Jeb Bush, once eager to prove "I am my own man," is rapidly becoming a family man.
During last week's debate, Bush vigorously defended his brother against Donald Trump's attacks on the Iraq War, a 180 from just months ago when he struggled to distance himself from brother George W. Bush's record in Iraq.
"As it relates to my brother, there is one thing I know for sure: He kept us safe," Bush declared, prompting a huge round of applause from the audience.
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Days later, at the Mackinac Republican Leadership Conference in Michigan, Bush again bear-hugged his family dynasty when declaring that the U.S. needs to improve its relationship with Israel and Canada.
"I know how to do this because, yes, I am a Bush. I happen to have seen two really good presidents develop relationships with other countries."
It's a significant reversal from the start of his campaign, when Bush took pains to distance himself from his father and brother while pundits wondered whether the Bush name and baggage would weigh him down.
Bush allies say it reflects a confidence that the candidate has successfully begun to establish his own identity, and so can embrace some of the advantages of being a Bush.
"Jeb and the campaign feel more comfortable that the Jeb identity is coming across and people are getting to know better where he stands, so the separation between Jeb and family is not as important as it once was," said Al Cardenas, a GOP lobbyist and longtime Bush family friend.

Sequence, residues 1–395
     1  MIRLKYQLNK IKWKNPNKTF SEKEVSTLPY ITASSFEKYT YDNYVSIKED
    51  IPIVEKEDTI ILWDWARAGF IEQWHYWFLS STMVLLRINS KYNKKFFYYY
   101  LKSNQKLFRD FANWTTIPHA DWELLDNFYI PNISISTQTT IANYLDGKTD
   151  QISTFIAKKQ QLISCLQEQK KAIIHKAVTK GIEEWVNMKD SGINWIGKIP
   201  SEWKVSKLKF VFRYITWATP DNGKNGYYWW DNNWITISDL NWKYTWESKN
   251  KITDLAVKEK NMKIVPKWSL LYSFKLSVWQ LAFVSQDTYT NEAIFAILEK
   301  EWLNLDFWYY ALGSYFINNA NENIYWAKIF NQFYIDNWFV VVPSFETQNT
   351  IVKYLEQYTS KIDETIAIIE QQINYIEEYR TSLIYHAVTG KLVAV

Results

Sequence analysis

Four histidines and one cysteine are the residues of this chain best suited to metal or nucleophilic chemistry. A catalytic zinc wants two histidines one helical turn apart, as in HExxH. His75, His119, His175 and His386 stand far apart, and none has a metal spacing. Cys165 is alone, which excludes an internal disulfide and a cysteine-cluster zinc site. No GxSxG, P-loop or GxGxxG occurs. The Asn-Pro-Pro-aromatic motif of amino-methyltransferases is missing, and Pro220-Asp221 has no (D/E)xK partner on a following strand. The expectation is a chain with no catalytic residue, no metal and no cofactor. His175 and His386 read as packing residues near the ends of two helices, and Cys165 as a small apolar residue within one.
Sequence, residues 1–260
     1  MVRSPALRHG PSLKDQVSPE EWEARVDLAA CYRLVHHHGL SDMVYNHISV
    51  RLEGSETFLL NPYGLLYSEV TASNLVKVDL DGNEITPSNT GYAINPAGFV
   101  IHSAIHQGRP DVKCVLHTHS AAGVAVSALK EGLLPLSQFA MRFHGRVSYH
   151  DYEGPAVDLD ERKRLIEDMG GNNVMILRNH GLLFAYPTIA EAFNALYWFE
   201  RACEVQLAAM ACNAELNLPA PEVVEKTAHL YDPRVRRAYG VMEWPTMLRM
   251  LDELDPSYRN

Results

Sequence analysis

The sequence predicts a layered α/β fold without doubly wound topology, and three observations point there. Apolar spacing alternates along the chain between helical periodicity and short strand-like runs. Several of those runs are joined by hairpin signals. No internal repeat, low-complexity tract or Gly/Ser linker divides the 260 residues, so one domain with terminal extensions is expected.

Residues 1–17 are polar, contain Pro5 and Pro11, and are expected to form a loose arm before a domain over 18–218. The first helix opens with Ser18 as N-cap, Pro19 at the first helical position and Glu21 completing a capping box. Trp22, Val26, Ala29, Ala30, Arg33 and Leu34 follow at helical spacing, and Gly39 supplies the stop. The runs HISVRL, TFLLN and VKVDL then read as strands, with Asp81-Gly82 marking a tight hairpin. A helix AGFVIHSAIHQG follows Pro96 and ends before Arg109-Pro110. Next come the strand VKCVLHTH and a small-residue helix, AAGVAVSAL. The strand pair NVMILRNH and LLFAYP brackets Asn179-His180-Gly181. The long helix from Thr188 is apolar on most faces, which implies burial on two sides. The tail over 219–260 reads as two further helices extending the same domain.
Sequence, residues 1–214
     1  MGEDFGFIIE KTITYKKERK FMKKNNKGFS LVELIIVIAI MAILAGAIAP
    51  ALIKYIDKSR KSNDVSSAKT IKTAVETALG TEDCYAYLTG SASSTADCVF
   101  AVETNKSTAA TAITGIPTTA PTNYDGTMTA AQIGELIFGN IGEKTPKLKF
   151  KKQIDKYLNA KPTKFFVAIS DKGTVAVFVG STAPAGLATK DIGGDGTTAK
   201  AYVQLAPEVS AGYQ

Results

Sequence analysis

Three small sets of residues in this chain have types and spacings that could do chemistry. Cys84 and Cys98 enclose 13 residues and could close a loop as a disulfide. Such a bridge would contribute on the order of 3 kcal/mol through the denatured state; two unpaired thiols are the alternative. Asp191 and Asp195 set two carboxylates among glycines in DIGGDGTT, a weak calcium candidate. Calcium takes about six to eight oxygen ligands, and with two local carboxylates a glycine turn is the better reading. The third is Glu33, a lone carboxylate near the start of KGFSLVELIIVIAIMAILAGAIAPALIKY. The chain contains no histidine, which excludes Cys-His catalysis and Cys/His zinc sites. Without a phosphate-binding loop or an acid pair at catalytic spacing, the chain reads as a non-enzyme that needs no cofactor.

After three months of active campaigning, the rollout of a half-dozen unique policy proposals and innumerable television interviews, Bush's advisers believe Jeb has started to prove he's his own man. Bush has made a point of drawing a contrast with his brother and father on some key policy issues, particularly those important to conservatives, like government spending and judicial nominees.
Bush has said government spending during his brother's time in the White House could've been "more disciplined," and has called for a balanced budget amendment and presidential line-item veto power as reforms. He's also criticized past presidents — not by name, but the implication is clear — for picking Supreme Court nominees "that don't have a proven record," and ultimately prove to be insufficiently committed to conservative principles on the bench.
And on the trail, he has a common refrain: "I'm proud of my family…but I'm going to have to share who I am, my record."
Finally embracing his family, too, helps Bush emphasize his more personable and passionate side. The self-described introvert has taken knocks from Trump for being "low-energy," and has worked on the campaign trail to show a lighter, more gregarious side.
On Monday, that lighter side was on display when Bush, like any affectionate younger brother, cracked a joke at his brother's expense in Iowa. Asked who his favorite president was, Bush offered to share one he thought was, "as my brother would say, 'misunderappreciated,'" a good-natured jab at his brother's infamous use of malapropisms.
And the Bush family, as a whole, may not be as unpopular as critics have made them out to be, said Craig Robinson, a former Iowa Republican Party political director.
"While there are definitely some things that conservatives have problems with the Bushes on, there's a lot of things they still appreciate," Robinson said.
Indeed, a CNN/ORC survey out in June suggested Americans — and Iowa Republicans, specifically — have a rosier view of George W. Bush in particular than many pundits predicted. The survey showed big brother Bush was seen more favorably than Democratic presidential frontrunner Hillary Clinton among adults nationwide; and a Bloomberg/Des Moines Register poll showed 57 percent of likely Iowa GOP caucus goers thought having his brother as an adviser would be good for a Jeb Bush presidency.
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